Personal beliefs and medical practice (2013)
- 1. In Good medical practice * we say:
- 15. You must provide a good standard of practice and care. If you assess, diagnose or treat patients, you must:
- a. adequately assess the patient’s conditions, taking account of their history (including the symptoms and psychological, spiritual, social and cultural factors), their views and values; where necessary, examine the patient
- b. promptly provide or arrange suitable advice, investigations or treatment where necessary
- c. refer a patient to another practitioner when this serves the patient’s needs.
- 48. You must treat patients fairly and with respect whatever their life choices and beliefs.
- 52. You must explain to patients if you have a conscientious objection to a particular procedure. You must tell them about their right to see another doctor and make sure they have enough information to exercise that right. In providing this information you must not imply or express disapproval of the patient’s lifestyle, choices or beliefs. If it is not practical for a patient to arrange to see another doctor, you must make sure that arrangements are made for another suitably qualified colleague to take over your role.
- 54. You must not express your personal beliefs (including political, religious and moral beliefs) to patients in ways that exploit their vulnerability or are likely to cause them distress.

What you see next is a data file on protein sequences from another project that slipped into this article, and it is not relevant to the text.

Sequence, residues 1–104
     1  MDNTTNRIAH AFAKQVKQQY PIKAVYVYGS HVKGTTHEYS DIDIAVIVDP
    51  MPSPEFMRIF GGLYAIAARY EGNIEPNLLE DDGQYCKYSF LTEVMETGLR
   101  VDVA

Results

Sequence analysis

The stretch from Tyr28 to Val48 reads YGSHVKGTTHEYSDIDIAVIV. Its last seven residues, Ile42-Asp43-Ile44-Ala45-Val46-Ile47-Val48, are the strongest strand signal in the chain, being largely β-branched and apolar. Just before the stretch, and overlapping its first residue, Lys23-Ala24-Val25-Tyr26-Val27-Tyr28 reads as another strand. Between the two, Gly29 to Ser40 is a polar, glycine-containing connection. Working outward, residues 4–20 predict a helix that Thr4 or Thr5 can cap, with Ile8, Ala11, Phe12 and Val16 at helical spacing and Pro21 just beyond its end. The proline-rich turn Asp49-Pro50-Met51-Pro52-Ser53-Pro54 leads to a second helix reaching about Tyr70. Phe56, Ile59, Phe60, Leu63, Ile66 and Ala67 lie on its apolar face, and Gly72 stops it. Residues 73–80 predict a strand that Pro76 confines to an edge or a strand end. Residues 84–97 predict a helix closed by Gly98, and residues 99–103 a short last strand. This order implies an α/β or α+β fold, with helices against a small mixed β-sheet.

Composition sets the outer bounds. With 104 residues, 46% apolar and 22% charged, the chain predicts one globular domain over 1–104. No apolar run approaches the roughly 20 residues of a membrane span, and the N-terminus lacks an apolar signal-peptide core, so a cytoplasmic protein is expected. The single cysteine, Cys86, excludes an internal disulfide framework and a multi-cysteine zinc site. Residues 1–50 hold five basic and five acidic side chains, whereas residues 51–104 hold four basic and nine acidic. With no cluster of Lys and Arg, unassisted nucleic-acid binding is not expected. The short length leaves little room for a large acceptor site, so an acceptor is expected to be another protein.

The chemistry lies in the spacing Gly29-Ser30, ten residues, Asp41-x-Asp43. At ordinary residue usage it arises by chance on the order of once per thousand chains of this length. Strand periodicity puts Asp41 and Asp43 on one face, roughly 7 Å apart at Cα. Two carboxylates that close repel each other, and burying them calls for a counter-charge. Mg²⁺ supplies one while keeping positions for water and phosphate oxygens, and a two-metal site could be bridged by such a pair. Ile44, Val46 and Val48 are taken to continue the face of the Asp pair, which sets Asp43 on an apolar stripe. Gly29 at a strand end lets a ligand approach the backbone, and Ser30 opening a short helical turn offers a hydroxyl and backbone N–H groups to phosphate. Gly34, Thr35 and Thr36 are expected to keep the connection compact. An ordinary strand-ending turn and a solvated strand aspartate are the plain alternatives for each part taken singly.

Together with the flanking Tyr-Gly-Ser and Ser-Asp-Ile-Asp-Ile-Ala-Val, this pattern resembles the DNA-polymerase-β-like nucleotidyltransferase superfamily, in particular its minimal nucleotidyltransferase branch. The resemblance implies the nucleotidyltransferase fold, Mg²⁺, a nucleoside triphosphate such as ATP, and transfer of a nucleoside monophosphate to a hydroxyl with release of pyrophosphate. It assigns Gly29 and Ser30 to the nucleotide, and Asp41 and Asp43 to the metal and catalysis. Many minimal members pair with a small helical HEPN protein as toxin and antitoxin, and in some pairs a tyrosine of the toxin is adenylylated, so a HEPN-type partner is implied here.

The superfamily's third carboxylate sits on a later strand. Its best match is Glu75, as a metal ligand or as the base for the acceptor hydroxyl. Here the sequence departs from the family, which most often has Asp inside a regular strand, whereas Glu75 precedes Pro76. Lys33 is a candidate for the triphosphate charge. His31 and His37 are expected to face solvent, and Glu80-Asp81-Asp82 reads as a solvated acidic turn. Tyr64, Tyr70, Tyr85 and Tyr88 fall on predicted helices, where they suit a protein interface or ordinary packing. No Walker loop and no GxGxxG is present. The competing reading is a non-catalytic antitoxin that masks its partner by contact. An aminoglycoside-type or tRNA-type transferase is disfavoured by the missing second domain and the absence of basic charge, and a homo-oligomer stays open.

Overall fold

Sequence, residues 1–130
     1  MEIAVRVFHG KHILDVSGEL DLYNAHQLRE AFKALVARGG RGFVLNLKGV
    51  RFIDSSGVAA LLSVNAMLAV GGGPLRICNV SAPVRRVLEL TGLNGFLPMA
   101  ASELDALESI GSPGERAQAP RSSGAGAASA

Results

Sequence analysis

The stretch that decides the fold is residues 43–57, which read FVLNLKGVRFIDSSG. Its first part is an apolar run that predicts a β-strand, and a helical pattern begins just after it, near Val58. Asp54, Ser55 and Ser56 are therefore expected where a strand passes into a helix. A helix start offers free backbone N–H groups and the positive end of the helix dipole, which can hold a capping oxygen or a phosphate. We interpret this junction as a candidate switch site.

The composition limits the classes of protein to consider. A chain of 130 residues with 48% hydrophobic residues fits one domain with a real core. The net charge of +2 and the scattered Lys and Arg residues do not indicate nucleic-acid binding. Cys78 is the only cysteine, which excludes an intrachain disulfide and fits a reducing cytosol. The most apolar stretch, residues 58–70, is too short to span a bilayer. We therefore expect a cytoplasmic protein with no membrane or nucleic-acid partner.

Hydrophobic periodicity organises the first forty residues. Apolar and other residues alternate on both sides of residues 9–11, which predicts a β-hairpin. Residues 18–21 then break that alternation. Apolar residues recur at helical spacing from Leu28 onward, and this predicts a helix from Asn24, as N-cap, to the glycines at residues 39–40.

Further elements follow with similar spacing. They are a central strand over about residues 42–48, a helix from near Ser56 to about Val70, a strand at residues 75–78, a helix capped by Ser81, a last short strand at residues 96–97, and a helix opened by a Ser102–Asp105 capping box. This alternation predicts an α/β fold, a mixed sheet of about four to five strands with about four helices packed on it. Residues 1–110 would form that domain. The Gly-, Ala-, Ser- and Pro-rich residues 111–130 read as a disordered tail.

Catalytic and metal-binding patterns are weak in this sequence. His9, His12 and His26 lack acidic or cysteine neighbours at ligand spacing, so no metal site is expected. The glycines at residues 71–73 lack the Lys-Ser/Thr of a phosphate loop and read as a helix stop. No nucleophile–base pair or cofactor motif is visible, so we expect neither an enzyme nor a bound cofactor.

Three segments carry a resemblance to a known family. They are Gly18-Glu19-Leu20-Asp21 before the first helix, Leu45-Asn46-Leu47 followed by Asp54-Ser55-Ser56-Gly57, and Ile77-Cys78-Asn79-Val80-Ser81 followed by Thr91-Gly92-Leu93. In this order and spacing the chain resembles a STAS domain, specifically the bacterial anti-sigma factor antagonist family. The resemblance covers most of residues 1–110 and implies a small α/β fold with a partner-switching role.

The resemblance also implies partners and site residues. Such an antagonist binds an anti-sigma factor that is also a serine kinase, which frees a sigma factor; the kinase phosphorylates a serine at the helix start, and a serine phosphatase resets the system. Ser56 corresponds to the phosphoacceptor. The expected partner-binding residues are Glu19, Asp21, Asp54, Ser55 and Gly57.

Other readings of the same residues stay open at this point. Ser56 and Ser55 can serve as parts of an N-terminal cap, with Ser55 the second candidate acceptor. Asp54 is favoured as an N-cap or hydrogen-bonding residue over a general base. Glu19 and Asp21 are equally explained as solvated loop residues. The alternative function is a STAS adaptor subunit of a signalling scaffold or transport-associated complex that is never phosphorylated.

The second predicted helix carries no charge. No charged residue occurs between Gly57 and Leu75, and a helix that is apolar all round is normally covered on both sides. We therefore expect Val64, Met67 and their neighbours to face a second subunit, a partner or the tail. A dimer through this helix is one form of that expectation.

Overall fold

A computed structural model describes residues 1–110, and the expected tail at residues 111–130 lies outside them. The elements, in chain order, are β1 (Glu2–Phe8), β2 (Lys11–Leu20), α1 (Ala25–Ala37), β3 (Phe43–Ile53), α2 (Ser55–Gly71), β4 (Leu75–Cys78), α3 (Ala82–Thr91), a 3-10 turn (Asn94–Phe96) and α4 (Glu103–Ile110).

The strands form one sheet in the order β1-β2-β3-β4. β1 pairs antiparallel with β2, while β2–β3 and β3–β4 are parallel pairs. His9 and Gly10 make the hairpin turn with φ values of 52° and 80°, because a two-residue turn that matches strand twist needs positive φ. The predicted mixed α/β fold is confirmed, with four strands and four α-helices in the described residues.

- 57. The investigations or treatment you provide or arrange must be based on the assessment you and your patient make of their needs and priorities, and on your clinical judgement about the likely effectiveness of the treatment options. You must not refuse or delay treatment because you believe that a patient’s actions or lifestyle have contributed to their condition.
- 59. You must not unfairly discriminate against patients or colleagues by allowing your personal views† to affect your professional relationships or the treatment you provide or arrange...
- 2. In this guidance, we explain how doctors can put these principles into practice. Serious or persistent failure to follow this guidance will put your registration at risk.
* General Medical Council (2013) Good medical practice London, GMC.
† This includes your views about a patient’s or colleague’s lifestyle, culture or their social or economic status, as well as the characteristics protected by legislation: age, disability, gender reassignment, race, marriage and civil partnership, pregnancy or maternity, religion or belief, sex and sexual orientation.